free exchange of information at the heart of the Internet. It should not be enacted by Congress.
Later, as he dives into even more detail, he explains why Abrams' analysis totally misses the mark:
Mr. Abrams stresses “[t]he Supreme Court’s most detailed treatment of the
interrelationship between the First Amendment and copyright, the seminal case of Harper &
Row Publishers, Inc. v. Nation Enters., 471 U.S. 539 (1985).” (p. 3). Yet the Harper & Row
case involved a traditional, time-honored copyright principle – the “fair use” doctrine – not a
radical departure from the familiar contours of copyright law like the provisions of SOPA.
Harper & Row did not hold that any kind of revolutionary, speech-suppressing statute would be
constitutional, so long it was wrapped in the mantle of copyright law. In fact, in a subsequent
case, the Supreme Court made clear that copyright statutes are not “categorically immune” from
First Amendment scrutiny and explained that the approach of Harper & Row applied only “when
. . . Congress has not altered the traditional contours of copyright protection.” Eldred v.
Ashcroft, 537 U.S. 186, 221 (2003). Whatever else may be said of SOPA, it certainly “alters”
The fact that SOPA’s purpose is the protection of intellectual property rights does not
change the constitutional calculus. Benign motives do not shield legislation from First
Amendment scrutiny, nor is “[i]llicit legislative intent . . . the sine qua non of a violation of the
First Amendment.” Minneapolis Star & Tribune Co. v. Minnesota Comm’r of Revenue, 460 U.S.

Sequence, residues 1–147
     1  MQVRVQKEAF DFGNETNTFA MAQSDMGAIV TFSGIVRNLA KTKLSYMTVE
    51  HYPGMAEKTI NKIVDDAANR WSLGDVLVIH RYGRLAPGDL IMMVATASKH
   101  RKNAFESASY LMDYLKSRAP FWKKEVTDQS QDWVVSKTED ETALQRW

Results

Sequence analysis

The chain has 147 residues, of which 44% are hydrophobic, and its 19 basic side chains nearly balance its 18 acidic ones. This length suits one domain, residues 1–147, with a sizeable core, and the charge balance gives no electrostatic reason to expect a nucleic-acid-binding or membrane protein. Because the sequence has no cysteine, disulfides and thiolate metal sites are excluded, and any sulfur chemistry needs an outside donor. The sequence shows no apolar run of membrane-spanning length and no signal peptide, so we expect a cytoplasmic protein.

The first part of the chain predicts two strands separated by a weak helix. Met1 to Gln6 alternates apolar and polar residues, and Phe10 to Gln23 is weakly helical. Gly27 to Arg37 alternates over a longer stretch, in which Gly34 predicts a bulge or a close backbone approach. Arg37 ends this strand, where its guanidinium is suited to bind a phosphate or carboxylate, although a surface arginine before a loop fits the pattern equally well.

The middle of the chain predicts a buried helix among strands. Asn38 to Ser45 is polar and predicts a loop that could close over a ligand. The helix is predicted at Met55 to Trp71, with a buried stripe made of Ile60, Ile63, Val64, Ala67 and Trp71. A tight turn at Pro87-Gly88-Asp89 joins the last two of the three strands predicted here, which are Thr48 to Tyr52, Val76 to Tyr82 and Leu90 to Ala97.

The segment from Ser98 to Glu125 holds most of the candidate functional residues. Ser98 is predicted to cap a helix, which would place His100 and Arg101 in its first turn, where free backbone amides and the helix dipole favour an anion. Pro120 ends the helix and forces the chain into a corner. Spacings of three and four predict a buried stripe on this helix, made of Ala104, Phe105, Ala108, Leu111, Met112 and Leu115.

575, 592 (1983). The Supreme Court has “long recognized that even regulations aimed at proper
governmental concerns can restrict unduly the exercise of rights protected by the First
Amendment.” Id. at 592; see also Simon & Schuster, Inc. v. Members of N.Y. State Crime
Victims Bd., 502 U.S. 105, 117 (1991) (striking down law despite absence of evidence that “the
legislature intends to suppress certain ideas”); Arkansas Writers' Project, Inc. v. Ragland, 481
U.S. 221, 228 (1987) (speaker need adduce “no evidence of an improper censorial motive” in
order to invalidate law).
Along with his letter, there was another letter sent by internet law scholar Marvin Ammori
, who notes that his letter
(pdf) has some overlap with Tribe's, but also digs into some other issues around the First Amendment and why both PROTECT IP and SOPA don't survive First Amendment scrutiny.
these bills target considerable speech by speakers who are engaging in no direct or indirect infringement, from websites "enabling" infringement to advertisers engaged in truthful, non-infringing commercial speech and search engines delivering results. Because these bills restrict considerable protected non-infringing speech, several different doctrines would trigger standard First Amendment scrutiny . These doctrines include the Supreme Court's doctrines of overbreadth, vagueness, and prior restraint, as well as its decisions in United States v. Stevens and Eldred v. Ashcroft. Standard First Amendment scrutiny, not any standard applicable to copyright infringement, would logically apply for restrictions on non-infringing, protected speech by search engines, domain name providers, and advertisers. Under standard First Amendment scrutiny, both PROTECT IP and SOPA are clearly unconstitutional in restricting these categories of protected speech.
How much longer will supporters of these bills continue to trot out just Floyd Abrams, as if he's the only voice on the matter?